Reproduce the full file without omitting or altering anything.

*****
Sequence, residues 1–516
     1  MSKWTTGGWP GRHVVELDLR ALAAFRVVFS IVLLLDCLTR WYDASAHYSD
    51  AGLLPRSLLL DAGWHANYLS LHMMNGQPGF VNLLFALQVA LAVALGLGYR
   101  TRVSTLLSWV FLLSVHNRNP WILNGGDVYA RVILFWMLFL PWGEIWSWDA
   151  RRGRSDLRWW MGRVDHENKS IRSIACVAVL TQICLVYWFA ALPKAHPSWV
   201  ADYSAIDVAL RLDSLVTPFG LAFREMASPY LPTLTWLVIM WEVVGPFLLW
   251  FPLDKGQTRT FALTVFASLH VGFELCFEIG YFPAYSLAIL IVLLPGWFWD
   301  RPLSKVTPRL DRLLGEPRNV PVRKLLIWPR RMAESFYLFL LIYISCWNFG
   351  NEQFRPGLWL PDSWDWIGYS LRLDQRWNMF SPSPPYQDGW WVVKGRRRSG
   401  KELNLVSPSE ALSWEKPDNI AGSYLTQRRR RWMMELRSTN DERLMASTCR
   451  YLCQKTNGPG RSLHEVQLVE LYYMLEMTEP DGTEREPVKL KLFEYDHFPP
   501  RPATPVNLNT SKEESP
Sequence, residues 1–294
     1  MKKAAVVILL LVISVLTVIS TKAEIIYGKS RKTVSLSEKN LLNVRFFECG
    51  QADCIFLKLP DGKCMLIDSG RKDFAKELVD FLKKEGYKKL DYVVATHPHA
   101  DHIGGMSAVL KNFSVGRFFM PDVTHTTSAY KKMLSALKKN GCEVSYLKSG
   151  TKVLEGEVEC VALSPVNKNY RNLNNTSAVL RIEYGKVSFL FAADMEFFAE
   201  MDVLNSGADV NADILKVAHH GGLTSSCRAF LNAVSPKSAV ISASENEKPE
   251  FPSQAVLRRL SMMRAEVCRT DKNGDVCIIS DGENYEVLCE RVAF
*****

Sequence, residues 1–516
     1  MSKWTTGGWP GRHVVELDLR ALAAFRVVFS IVLLLDCLTR WYDASAHYSD
    51  AGLLPRSLLL DAGWHANYLS LHMMNGQPGF VNLLFALQVA LAVALGLGYR
   101  TRVSTLLSWV FLLSVHNRNP WILNGGDVYA RVILFWMLFL PWGEIWSWDA
   151  RRGRSDLRWW MGRVDHENKS IRSIACVAVL TQICLVYWFA ALPKAHPSWV
   201  ADYSAIDVAL RLDSLVTPFG LAFREMASPY LPTLTWLVIM WEVVGPFLLW
   251  FPLDKGQTRT FALTVFASLH VGFELCFEIG YFPAYSLAIL IVLLPGWFWD
   301  RPLSKVTPRL DRLLGEPRNV PVRKLLIWPR RMAESFYLFL LIYISCWNFG
   351  NEQFRPGLWL PDSWDWIGYS LRLDQRWNMF SPSPPYQDGW WVVKGRRRSG
   401  KELNLVSPSE ALSWEKPDNI AGSYLTQRRR RWMMELRSTN DERLMASTCR
   451  YLCQKTNGPG RSLHEVQLVE LYYMLEMTEP DGTEREPVKL KLFEYDHFPP
   501  RPATPVNLNT SKEESP
Sequence, residues 1–294
     1  MKKAAVVILL LVISVLTVIS TKAEIIYGKS RKTVSLSEKN LLNVRFFECG
    51  QADCIFLKLP DGKCMLIDSG RKDFAKELVD FLKKEGYKKL DYVVATHPHA
   101  DHIGGMSAVL KNFSVGRFFM PDVTHTTSAY KKMLSALKKN GCEVSYLKSG
   151  TKVLEGEVEC VALSPVNKNY RNLNNTSAVL RIEYGKVSFL FAADMEFFAE
   201  MDVLNSGADV NADILKVAHH GGLTSSCRAF LNAVSPKSAV ISASENEKPE
   251  FPSQAVLRRL SMMRAEVCRT DKNGDVCIIS DGENYEVLCE RVAF